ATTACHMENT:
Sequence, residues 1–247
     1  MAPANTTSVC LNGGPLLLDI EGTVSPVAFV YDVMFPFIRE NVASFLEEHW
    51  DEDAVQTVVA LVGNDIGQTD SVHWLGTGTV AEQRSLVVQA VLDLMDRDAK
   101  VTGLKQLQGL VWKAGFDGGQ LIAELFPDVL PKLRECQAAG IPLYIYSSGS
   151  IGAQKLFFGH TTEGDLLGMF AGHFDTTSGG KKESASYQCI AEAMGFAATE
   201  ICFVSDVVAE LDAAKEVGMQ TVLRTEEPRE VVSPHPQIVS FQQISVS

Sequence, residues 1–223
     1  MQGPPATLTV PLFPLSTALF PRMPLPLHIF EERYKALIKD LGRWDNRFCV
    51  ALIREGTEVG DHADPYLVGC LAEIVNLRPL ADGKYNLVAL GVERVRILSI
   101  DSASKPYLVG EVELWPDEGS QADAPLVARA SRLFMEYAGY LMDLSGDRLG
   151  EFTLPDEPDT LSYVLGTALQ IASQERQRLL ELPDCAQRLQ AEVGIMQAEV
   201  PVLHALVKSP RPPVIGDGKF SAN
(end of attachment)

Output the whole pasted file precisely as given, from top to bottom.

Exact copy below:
Sequence, residues 1–247
     1  MAPANTTSVC LNGGPLLLDI EGTVSPVAFV YDVMFPFIRE NVASFLEEHW
    51  DEDAVQTVVA LVGNDIGQTD SVHWLGTGTV AEQRSLVVQA VLDLMDRDAK
   101  VTGLKQLQGL VWKAGFDGGQ LIAELFPDVL PKLRECQAAG IPLYIYSSGS
   151  IGAQKLFFGH TTEGDLLGMF AGHFDTTSGG KKESASYQCI AEAMGFAATE
   201  ICFVSDVVAE LDAAKEVGMQ TVLRTEEPRE VVSPHPQIVS FQQISVS

Sequence, residues 1–223
     1  MQGPPATLTV PLFPLSTALF PRMPLPLHIF EERYKALIKD LGRWDNRFCV
    51  ALIREGTEVG DHADPYLVGC LAEIVNLRPL ADGKYNLVAL GVERVRILSI
   101  DSASKPYLVG EVELWPDEGS QADAPLVARA SRLFMEYAGY LMDLSGDRLG
   151  EFTLPDEPDT LSYVLGTALQ IASQERQRLL ELPDCAQRLQ AEVGIMQAEV
   201  PVLHALVKSP RPPVIGDGKF SAN